The Gedanken Institute for Problem Solving is dedicated to developing problem-solving skills of next generation. A key skill for success in today’s economy is to think hard and long to come up with creative ideas to solve challenging problems. Here is a link to a video that describes the educational philosophy of the Gedanken Institute its associated summer program.
Link coming soon!
If the goal is simply to get the answer to the problem, then the teacher should tell the students how to do it. If the goal is to produce graduates that have mental strength, mental stamina, and can come up with new ideas to solve challenging problems, the teacher should give them the time they need to struggle, fail and develop.
At the Gedanken Institute for Problem Solving our goal is not to get the answer as soon as possible, our goal is to provide challenging problems and give the attendees the time and coaching that they need to develop problem-solving skills.
The problems we use at the Institute do not have many prerequisites – just the ability to think hard for a long time. Virtually all of the problems are tackled in small groups. This develops teamwork, collaboration, and the ability to reach a consensus. Here is a good example of the type of problem that should be tackled individually. It is one that I used in hundreds of job interviews to test the candidate’s grit, determination, and the ability to learn from mistakes.
Take the 13 cards of one suit from a deck of cards. Arrange the 13 cards in a deck such that the repeated procedure of flipping the top card face up onto the table and putting the next card on the bottom (flip face-up onto table, next card to the bottom face down, flip onto table, next card of the bottom…) until all thirteen cards are face-up on the table results in the cards appearing in order (A-2-3-4-5-6-7-8-9-10-J-Q-K).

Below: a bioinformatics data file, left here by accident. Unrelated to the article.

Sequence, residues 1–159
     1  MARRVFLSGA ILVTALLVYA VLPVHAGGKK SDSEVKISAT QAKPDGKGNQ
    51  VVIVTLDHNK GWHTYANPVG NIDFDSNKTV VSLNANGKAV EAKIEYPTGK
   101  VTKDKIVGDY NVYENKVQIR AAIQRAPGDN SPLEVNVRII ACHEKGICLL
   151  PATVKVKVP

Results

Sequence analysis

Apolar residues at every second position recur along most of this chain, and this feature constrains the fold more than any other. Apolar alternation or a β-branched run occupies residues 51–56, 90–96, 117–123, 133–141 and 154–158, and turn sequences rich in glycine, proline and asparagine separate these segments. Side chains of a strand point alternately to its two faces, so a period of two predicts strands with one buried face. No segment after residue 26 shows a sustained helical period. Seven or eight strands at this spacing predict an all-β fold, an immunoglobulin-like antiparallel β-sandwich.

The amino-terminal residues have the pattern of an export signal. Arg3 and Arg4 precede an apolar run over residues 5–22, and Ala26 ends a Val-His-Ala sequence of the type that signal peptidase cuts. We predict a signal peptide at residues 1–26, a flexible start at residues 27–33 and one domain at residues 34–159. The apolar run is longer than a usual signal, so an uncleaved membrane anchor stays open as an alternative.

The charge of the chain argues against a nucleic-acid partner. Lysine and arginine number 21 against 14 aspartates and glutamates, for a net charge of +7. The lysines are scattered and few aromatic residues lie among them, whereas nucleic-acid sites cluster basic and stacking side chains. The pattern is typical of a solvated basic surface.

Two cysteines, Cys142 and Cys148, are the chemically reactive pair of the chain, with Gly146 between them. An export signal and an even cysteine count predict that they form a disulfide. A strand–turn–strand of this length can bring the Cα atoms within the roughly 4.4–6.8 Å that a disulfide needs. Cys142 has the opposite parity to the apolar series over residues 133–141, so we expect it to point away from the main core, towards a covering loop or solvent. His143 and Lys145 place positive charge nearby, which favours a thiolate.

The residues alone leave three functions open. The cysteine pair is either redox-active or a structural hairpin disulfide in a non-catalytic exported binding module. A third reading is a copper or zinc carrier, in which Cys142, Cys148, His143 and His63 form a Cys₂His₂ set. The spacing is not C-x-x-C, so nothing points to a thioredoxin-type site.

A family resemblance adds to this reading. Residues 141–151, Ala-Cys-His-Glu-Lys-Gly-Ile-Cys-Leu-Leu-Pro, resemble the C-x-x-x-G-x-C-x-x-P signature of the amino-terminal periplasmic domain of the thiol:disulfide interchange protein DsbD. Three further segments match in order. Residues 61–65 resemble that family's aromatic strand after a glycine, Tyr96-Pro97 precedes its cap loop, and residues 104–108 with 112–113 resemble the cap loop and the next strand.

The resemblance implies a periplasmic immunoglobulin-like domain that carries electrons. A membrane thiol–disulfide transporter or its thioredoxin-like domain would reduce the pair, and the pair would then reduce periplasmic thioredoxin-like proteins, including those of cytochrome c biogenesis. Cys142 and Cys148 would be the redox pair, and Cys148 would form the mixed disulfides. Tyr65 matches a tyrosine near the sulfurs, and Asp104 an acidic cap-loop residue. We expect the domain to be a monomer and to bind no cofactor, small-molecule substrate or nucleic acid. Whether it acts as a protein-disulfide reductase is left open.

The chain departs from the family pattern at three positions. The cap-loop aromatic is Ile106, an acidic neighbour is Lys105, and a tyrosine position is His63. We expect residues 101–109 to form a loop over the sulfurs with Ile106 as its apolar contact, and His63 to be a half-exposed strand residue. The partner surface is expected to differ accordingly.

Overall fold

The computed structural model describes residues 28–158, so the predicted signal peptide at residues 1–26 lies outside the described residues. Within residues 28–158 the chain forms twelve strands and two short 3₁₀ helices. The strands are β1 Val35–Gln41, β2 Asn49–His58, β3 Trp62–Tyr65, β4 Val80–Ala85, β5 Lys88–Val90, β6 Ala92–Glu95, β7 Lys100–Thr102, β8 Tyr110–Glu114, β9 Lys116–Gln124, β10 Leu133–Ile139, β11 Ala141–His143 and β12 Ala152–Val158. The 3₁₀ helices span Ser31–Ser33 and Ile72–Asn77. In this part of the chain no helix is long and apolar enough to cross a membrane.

There is no formal training needed to solve this problem – just grit, persistence and the ability to think hard for a long time. The “answer” the problem is utterly useless. There is no reason to memorize or study the order of the deck that will solve the problem. The problem is simply an excellent mental workout to develop problem-solving skills. If a teacher is continually providing suggestions and hints, this robs the student of the opportunity to develop their problem-solving skills.
If you or someone you know is interested in develop his/her ability to tackle challenging problems, the Gedanken Institute for Problem Solving may be a good opportunity.
If you have questions, please e-mail the director of the Institute, Dr Edwin F Meyer at firstname.lastname@example.org.